An Olympus photomicroscope (AX-70; Provis) with a 20× Apochromatic 0.75 lens and equipped with a colour digital camera (Olympus DP70, Tokyo, Japan) was used to acquire images of brain sections from the in situ hybridization experiments. Images were always acquired with the same microscope and software settings. The quantification of the level of 5-HT1A-receptor-positive signal in identifiable descending neurons was performed as previously described (Romaus-Sanjurjo et al., 2018). First, we established the intensity rank of a positive colorimetric in situ signal. For this, we analyzed ten random images from different descending neurons of control and lesioned animals. The ‘histogram’ function in ImageJ shows the number of pixels in each image in a range of intensity from 0 to 255. With these images, we compared the intensity values in regions with clear in situ signal and the intensity values in regions without an in situ signal. Based on this, we established a value of 179 as the lower limit to consider the colorimetric in situ signal as positive. Then, the number of pixels of a positive in situ signal was quantified for each section of each identified descending neuron. In horizontal brain sections, the identification of some of the specific descending cells becomes more difficult than in whole-mounts. Thus, only the cells that were unequivocally identified in at least two different sections were included in the quantifications (the M1, M2, M3, I1 and I3 neurons; see Fig. S3). Then, we calculated the average number of positive pixels per section for each individual neuron (see Table 1) and these data were used for statistical analyses. The experimenter was blinded during quantifications.
For the quantification of changes in 5-HT1A receptor immunoreactivity after morpholino application, three 14-µm transverse sections of the medial reticular nucleus of the rhombencephalon were analyzed in each animal. One out of every two consecutive sections in the next six sections caudally to the last section where the Mth neuron was observed were analyzed in each animal. The mean fluorescence intensity of each section was calculated using ImageJ and then the mean fluorescence intensity per section in each animal was used for the statistical analyses.
After quantifications, contrast and brightness were minimally adjusted with Adobe Photoshop CS6 (Adobe Systems, San José, CA, USA). Figure plates and lettering were generated using Adobe Photoshop CS6 (Adobe Systems). Schematic drawing was generated using CorelDraw Graphics Suite 2017.
Statistical analysis was carried out using Prism 6 (GraphPad software, La Jolla, CA). Data were presented as means±s.e.m. Normality of the data was determined by the Kolmogorov–Smirnov test or the D'Agostino–Pearson omnibus test. The data from the db-cAMP treatments and the in situ hybridization data that were normally distributed were analyzed by a one-way ANOVA. Post hoc Dunnett's multiple-comparison tests were used to compare pairs of data. In situ hybridization data that were not normally distributed were analyzed by a Kruskal–Wallis test and post hoc Dunn's multiple comparisons test. A Student's t-test was used to determine significant differences between conditions in the qPCR analysis. The results of control versus treatment groups were analyzed by a Student's t-test (normally distributed data) or Mann–Whitney U-test (non-normally distributed data). The significance level was set at 0.05. In the figures, significance values were represented by a different number of asterisks in the graphs: *P-value between 0.01 and 0.05, **P-value between 0.001 and 0.01. Exact P-values are given in the text.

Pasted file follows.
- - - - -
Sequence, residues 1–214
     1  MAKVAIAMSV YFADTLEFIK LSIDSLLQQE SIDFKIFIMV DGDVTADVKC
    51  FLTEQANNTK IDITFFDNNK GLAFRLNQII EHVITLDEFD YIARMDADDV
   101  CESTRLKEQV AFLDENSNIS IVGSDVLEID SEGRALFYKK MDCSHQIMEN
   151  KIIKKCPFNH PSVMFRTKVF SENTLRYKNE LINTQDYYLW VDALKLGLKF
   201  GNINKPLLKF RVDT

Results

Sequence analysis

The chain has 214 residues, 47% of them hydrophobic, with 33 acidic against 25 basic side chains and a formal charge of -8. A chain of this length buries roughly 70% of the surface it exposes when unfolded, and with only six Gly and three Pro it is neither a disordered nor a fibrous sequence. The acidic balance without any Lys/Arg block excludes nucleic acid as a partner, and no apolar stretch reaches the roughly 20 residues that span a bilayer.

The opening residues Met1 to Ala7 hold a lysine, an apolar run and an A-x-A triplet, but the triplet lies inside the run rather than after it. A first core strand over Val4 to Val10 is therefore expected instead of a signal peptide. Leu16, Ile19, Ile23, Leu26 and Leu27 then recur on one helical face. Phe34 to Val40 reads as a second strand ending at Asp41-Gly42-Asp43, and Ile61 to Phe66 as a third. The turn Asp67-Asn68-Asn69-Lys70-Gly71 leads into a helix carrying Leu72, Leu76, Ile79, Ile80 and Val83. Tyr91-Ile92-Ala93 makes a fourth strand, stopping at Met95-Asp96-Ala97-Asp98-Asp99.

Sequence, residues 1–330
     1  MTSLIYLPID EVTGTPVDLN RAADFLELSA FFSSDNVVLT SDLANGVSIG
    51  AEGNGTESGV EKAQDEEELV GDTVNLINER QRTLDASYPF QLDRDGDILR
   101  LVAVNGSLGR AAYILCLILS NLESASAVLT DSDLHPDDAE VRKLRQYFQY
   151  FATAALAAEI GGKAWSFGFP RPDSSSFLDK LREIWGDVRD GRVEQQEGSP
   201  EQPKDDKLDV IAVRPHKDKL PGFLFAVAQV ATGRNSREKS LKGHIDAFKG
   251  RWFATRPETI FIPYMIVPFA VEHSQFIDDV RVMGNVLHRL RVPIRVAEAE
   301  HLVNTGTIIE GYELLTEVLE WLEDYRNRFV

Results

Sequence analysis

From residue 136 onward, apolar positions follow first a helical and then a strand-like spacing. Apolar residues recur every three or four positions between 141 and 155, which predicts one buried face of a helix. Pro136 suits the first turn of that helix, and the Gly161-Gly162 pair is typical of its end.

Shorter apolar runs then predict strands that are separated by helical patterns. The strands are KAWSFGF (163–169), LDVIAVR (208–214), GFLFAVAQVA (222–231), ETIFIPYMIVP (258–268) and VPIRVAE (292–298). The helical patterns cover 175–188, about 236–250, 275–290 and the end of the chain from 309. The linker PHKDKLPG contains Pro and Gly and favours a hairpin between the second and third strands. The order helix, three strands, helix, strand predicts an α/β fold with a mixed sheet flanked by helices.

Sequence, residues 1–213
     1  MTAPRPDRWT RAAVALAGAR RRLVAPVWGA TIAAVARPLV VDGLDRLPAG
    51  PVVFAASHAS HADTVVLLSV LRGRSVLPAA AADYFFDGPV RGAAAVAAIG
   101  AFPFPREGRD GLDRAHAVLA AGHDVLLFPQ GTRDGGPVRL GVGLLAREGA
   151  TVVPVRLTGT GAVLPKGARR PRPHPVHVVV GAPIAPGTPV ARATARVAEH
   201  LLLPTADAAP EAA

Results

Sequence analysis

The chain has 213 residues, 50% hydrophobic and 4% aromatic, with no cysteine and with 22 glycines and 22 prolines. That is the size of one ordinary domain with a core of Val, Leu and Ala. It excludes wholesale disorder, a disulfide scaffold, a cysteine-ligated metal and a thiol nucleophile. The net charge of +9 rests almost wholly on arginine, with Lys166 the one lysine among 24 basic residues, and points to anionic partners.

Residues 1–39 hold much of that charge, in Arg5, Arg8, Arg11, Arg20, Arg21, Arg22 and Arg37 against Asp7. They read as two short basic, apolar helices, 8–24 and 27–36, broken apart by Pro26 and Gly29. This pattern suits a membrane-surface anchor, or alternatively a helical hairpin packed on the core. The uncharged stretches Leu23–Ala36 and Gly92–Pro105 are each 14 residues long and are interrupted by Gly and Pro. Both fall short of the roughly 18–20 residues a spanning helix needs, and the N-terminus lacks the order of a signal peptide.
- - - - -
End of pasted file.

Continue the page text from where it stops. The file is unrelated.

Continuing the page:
The authors thank the staff of the Ximonde Biological Station for providing lampreys used in this study, and the Microscopy Service (University of Santiago de Compostela) and Dr Mercedes Rivas Cascallar for confocal microscope facilities and help.
Conceptualization: D.S.-C., M.C.R., A.B.-I.; Methodology: D.S.-C., D.R., A.B.-I.; Validation: A.B.-I.; Formal analysis: D.S.-C., D.R., A.B.-I.; Investigation: D.S.-C., D.R.; Resources: L.S.; Writing - original draft: D.S.-C., D.R., A.B.-I.; Writing - review & editing: L.S., M.C.R., A.B.-I.; Visualization: L.S., M.C.R., A.B.-I.; Supervision: M.C.R., A.B.-I.; Project administration: L.S., M.C.R., A.B.-I.; Funding acquisition: M.C.R., A.B.-I.
Grant sponsors: Spanish Ministry of Economy and Competitiveness (Ministerio de Economía, Industria y Competitividad, Gobierno de España) and the European Regional Development Fund 2007–2013 (grant numbers: BFU2014-56300-P and BFU-2017-87079-P); and Consellería de Cultura, Educación e Ordenación Universitaria, Xunta de Galicia (grant number: GPC2014/030). A.B.-I. was supported by a grant from the Consellería de Cultura, Educación e Ordenación Universitaria, Xunta de Galicia (grant number: 2016-PG008) and a grant from the crowdfunding platform Precipita (FECYT; Spanish Ministry of Economy and Competitiveness; grant number 2017-CP081). The authors would like to acknowledge the following individual donors of the crowdfunding campaign in Precipita: Blanca Fernández, Emilio Río, Guillermo Vivar, Pablo Pérez, Jorge Férnandez, Ignacio Valiño, Pago de los Centenarios, Eva Candal, María del Pilar Balsa, Jorge Faraldo, Isabel Rodríguez-Moldes, José Manuel López, Juan José Pita, María E. Cameán, Jesús Torres, José Pumares, Verónica Rodríguez, Sara López, Tania Villares Balsa, Rocío Lizcano, José García, Ana M. Cereijo, María Pardo, Nerea Santamaría, Carolina Hernández, Jesús López and María Maneiro.
Raw sequencing data have been deposited in NCBI's Short Read Archive (SRA) under BioProject accession PRJNA472778 (https://www.ncbi.nlm.nih.gov/bioproject/PRJNA472778/). Raw imaging and quantification data can be provided by the authors upon reasonable request.
The authors declare no competing or financial interests.